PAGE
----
• Because non-initial IP fragments do not contain Layer 4 protocol information in the IP header, only standard match criteria are supported for non-initial fragments. Full details on how Cisco ACLs comply with IP fragment filtering can be found in Access Control Lists and IP Fragments.

  • Numbered ACLs are processed and applied as soon as they are entered through the command line interface (CLI). With large ACLs, this sometimes results in a CPU spike on the RP or the LC CPU.

Engine 0 - ACL Processing

Engine 0 is the first line card delivered for the Cisco 12000. It is all CPU-based processing and forwarding. Hence, Engine 0 line cards process ACLs in the LC CPU.

These line cards are based on Engine 0:

Line Card Type Interface Type Connectivity
12 x DS3 Coaxial SMB
12 x DS3 Coaxial SMB
12 x E3 Coaxial SMB
1xCHOC12->DS3 IR
1xCHOC12/STM4->OC3/STM1 POS IR
4xOC3c/STM1c POS SR
4xOC3c/STM1c POS LR
4xOC3c/STM1c POS MM
1xOC12c/STM4c POS IR
1xOC12c/STM4c POS MM
6xCT3->DS1 SMB
2xCHOC3/STM1->DS1/E1 IR
4xOC3c/STM1c ATM IR
4xOC3c/STM1c ATM MM
1xOC12c/STM4c ATM IR
1xOC12c/STM4c ATM MM

Supported Match Criteria

All Cisco IOS Software Release 12.0S Standard, Extended ACL, and Turbo ACLs are supported on Engine 0.

Number of ACEs Supported

ACL size is limited only by performance requirements and available memory resources.

Output ACL Processing

Output ACLs are processed in the ingress feature path of the other line cards in the system. A push of the Output ACL to the ingress side of the other LCs protects the backplane from forwarding packets that are going to be dropped. This is an inherited function from the distributed architecture on the Cisco 7500. A detailed explanation, reasons, and operational guidelines are provided in the IPv4 Output ACL - Line Card Interoperation Matrix.

Line Card Specific Commands

None.

Operational Guidelines and Line Card Interactions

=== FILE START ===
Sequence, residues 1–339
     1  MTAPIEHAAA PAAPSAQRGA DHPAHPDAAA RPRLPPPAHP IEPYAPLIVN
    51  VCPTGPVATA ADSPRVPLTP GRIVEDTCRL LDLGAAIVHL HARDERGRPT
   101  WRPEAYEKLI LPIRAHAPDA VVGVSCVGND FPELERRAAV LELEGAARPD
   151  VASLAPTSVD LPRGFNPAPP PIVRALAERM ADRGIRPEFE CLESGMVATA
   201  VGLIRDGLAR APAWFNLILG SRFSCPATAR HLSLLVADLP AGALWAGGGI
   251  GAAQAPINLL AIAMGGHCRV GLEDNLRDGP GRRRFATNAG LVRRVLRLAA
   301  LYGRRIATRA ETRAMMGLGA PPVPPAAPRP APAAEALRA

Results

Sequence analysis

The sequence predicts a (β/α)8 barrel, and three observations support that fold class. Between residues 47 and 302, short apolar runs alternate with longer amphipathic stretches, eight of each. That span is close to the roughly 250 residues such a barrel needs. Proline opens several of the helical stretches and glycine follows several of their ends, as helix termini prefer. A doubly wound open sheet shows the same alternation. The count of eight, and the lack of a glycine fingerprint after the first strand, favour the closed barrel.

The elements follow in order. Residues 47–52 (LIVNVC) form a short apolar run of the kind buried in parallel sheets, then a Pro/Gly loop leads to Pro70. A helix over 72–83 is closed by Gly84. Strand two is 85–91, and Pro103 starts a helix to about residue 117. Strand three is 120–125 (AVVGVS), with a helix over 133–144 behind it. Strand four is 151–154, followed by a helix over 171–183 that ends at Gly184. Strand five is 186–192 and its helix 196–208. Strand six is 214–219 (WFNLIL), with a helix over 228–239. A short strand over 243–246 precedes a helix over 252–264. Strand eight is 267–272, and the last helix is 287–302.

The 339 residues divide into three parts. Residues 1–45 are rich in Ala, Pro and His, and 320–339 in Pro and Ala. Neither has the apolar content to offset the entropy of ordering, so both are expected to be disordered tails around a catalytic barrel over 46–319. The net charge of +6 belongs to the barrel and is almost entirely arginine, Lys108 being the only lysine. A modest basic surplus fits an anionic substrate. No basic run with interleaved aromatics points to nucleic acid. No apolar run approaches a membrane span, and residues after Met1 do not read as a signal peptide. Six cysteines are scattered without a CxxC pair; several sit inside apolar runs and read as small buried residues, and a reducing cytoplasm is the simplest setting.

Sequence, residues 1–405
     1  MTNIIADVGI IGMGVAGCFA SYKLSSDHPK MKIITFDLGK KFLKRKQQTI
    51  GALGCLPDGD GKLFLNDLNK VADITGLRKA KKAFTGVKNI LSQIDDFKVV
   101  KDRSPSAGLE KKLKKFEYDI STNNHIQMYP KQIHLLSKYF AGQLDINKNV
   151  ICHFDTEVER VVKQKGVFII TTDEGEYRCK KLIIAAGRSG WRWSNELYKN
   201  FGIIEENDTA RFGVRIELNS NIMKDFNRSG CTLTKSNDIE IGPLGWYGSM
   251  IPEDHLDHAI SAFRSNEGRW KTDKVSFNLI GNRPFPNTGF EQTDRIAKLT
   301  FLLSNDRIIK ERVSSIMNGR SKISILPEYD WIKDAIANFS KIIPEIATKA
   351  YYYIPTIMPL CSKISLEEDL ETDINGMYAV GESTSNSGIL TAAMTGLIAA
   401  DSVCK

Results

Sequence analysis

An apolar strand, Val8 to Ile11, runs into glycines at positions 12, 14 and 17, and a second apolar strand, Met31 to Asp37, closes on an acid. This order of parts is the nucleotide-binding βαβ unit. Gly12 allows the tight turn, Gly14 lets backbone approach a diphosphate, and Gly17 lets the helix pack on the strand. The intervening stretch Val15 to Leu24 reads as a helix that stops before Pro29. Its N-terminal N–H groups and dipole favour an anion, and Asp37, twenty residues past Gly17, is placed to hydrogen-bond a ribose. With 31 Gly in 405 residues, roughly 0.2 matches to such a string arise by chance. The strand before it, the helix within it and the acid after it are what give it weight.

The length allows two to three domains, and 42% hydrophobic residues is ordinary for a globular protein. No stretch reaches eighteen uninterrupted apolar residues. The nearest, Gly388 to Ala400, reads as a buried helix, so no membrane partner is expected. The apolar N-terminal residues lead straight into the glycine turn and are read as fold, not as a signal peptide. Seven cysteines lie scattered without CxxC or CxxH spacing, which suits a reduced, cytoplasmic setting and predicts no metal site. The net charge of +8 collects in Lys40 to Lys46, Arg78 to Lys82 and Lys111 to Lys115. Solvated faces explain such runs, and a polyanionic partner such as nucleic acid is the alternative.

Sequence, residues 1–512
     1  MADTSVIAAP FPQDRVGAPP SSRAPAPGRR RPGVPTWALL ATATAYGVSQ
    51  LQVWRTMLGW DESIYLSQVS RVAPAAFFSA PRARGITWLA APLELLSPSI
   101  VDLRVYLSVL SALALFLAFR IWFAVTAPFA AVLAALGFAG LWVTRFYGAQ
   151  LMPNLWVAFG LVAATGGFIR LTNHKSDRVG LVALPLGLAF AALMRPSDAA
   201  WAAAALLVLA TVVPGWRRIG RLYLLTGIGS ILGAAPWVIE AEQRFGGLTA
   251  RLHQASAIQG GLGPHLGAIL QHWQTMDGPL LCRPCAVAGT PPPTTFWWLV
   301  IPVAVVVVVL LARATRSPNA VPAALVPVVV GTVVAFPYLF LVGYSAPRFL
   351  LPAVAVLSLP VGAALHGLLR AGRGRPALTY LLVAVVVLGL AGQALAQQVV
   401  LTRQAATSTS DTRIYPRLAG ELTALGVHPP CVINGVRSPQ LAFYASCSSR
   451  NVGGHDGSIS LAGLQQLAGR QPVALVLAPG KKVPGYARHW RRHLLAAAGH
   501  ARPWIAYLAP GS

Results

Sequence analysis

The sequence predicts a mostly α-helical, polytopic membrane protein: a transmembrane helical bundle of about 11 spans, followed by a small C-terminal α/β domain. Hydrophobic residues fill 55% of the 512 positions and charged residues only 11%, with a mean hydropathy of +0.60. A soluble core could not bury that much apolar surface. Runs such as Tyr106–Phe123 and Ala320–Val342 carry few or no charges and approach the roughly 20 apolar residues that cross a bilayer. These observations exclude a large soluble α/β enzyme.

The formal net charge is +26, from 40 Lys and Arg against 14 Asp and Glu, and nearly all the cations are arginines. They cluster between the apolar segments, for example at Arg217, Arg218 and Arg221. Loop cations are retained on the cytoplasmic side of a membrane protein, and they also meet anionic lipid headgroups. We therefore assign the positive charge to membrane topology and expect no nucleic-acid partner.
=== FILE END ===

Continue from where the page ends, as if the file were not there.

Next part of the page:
• If NetFlow is configured on an Engine 0 line card and an output ACL is configured on an egress engine 3 or 4+ line card, the output ACL is processed by both the ingress and egress line cards in order to allow NetFlow to account for packets denied by ACLs as well as forwarded packets.

Recommendations

Cisco recommends the use of Turbo ACLs on Engine 0 for large ACLs. Small Linear ACLs are more efficient for smaller ACLs because Turbo ACLs require extra memory.

Engine 1 - ACL Processing

Overview

The Engine 1 line card is a bridge between the CPU-based processing on the Engine 0 and the first generation forwarding/feature ASIC on the Engine 2. Engine 1 line cards process ACLs in software by default. With Cisco IOS Software Release 12.0(10)S and later, Engine 1 provides hardware ACLs for cards equipped with versions 4 or 5 of the Salsa ASIC (see the Line Card Command Reference below to determine with which version of Salsa a particular card is equipped).

These line cards are based on Engine 1:

Line Card Type Interface Type Connectivity
8xFE (RJ45) 100BaseT
8xFE (MM) 100BaseF
8xFE (RJ45) 100BaseT
8xFE (MM) 100BaseF
1xGE SX, GBIC:
1xGE SX, GBIC:
2xOC12c/STM4c DPT IR
2xOC12c/STM4c DPT LR
2xOC12c/STM4 c DPT XLR
2xOC12c/STM4c DPT MM
2xOC12c/STM4c DPT IR
2xOC12c/STM4c DPT LR
2cOC12c/STM4c DPT XLR
2xOC12c/STM4c DPT MM

Supported Match Criteria

All Cisco IOS Software Release 12.0S supported Standard, Extended, and Turbo ACLs are supported in the LC CPU (Slow Path). In addition, the Engine 1 can process input ACLs in the Salsa ASIC. The Salsa ASIC handles input ACL processing along with route lookup, resulting in increased performance when compared to Traditional Linear ACL processing and Turbo ACL processing. The Salsa ASIC cannot process output ACLs or sub-interface ACLs.